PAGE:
Scania Launches Autonomous Mining Trucks, Paving the Way for Safer and Sustainable Operations

Scania Launches Autonomous Mining Trucks, Paving the Way for Safer and Sustainable Operations

(IN BRIEF) Scania announces the commencement of sales for its autonomous mining trucks, marking a significant milestone in the realization of autonomous transport. The company’s self-driving mining solutions offer safer, more efficient, and sustainable mining operations. With the ability to place orders for Scania’s 40-tonne autonomous heavy tipper for mining, followed by the 50-tonne model, this advancement is set to revolutionize the mining industry. Scheduled for first deliveries and operations in Australia from 2026, Scania’s autonomous trucks are expected to enhance safety, productivity, and emissions reduction in mines worldwide. Developed in collaboration with mining customers and rigorously tested in real-life conditions, these autonomous trucks represent a major leap forward in autonomous heavy transport technology.

(PRESS RELEASE) SÖDERTÄLJE, 21-May-2024 — /EuropaWire/ — Scania starts sales of autonomous mining trucks, opening up for safer, more efficient and more sustainable mining operations.

The realisation of autonomous transport is taking a big step forward as Scania opens up for orders of the company’s self-driving mining solutions. It is now possible to place orders for Scania’s 40-tonne autonomous heavy tipper for mining, with the 50-tonne model to follow shortly afterwards.

As a first step, Scania will start sales of its autonomous mining solutions in Australia, with first deliveries and start of operation scheduled from 2026. The next market in line will most likely be Latin America, a region where Scania has a significant market presence in the mining segment.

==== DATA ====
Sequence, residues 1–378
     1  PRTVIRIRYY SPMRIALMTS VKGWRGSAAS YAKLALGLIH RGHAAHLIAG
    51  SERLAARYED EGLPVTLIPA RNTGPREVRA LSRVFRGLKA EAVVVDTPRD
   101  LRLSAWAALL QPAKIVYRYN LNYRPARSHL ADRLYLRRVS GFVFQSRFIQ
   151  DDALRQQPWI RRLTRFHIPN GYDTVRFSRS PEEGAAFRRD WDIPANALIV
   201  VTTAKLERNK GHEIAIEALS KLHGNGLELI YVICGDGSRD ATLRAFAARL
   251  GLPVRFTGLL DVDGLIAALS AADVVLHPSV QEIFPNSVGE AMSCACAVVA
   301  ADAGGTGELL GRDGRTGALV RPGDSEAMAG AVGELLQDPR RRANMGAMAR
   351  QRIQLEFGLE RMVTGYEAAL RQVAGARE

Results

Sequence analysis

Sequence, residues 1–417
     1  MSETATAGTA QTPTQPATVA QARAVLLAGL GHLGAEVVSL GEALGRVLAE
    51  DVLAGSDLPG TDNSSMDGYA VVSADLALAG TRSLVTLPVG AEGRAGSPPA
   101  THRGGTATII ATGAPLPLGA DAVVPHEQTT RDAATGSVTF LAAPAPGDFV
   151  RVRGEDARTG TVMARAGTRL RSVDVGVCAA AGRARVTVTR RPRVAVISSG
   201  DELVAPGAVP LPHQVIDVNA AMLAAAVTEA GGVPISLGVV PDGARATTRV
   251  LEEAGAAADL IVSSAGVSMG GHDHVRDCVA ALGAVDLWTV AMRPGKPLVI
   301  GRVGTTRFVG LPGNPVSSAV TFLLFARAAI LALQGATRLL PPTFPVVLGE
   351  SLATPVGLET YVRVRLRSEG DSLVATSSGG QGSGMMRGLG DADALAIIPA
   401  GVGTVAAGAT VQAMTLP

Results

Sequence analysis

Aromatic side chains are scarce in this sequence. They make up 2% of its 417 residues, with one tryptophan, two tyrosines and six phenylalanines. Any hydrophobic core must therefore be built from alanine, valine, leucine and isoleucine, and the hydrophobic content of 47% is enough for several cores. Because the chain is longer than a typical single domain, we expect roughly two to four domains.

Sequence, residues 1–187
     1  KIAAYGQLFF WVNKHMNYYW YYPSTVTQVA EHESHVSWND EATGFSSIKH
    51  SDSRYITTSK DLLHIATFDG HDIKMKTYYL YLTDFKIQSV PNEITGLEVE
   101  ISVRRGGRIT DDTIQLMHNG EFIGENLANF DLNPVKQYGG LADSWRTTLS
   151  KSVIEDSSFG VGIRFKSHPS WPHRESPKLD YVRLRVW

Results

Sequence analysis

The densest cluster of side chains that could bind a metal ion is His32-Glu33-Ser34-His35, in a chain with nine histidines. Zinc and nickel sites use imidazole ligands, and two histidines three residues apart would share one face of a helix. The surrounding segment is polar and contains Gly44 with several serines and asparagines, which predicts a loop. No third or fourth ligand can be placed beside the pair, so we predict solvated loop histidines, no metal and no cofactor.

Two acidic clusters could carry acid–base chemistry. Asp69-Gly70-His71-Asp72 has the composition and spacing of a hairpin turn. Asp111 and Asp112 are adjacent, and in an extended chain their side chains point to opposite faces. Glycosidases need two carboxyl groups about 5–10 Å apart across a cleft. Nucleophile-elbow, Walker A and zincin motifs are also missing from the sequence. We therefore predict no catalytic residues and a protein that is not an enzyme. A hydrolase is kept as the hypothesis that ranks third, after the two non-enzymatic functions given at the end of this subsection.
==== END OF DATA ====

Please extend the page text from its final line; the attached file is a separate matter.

“The transition from research and development to the launch of a commercial product is a major milestone for us and for autonomous heavy transport in general. This is the most advanced product Scania has put on the market so far,” says Peter Hafmar, Vice President and Head of Autonomous Solutions at Scania.

Easier to go electric and to achieve sustainable mining

Mines have long been seen as one of the most promising environments for autonomous vehicles, as they can contribute to safer working conditions and more efficient operations.

Scania’s mining solutions with smaller, civil-class trucks also have overall potential advantages over the industry’s traditional heavy haulage trucks, both in terms of emissions and productivity. By utilising Scania’s autonomous mining trucks, the overall mining footprint including energy and infrastructure requirements can be reduced, meaning that capital and operating expenses may also be reduced at suitable sites.

Scania’s autonomous trucks can also be smoothly fitted into an existing operations set-up in a mine, thanks to their interoperability with other systems and vehicles.

“Another benefit with our solution is that it allows mining companies to more quickly take the next step towards zero-emission operations. It’s easier to electrify operations with Scania’s autonomous trucks compared with traditional heavy haulage trucks,” says Hafmar.

Developed in close cooperation with mining customers

Over the past ten years, Scania has invested heavily in the development of self-driving vehicles. Innovations include applications for hub-to-hub transport on highways as well as autonomous vehicles for confined areas such as mines.

Scania’s autonomous tipper truck has been developed in close cooperation between Scania’s R&D department and customers in the mining industry, with extensive testing in the harshest real-life conditions.

“It’s probably the most ambitious research and development project we have done so far together with a customer, and I am very pleased about the result. Thanks to all the rigorous checks and numerous on-site tests we have been able to develop an optimal autonomous transport solution for mines,” Peter Hafmar concludes.

Media Contact:

Erik Bratthall
Corporate Public and Media Relations

SOURCE: Scania


Follow EuropaWire on Google News

Comments are closed.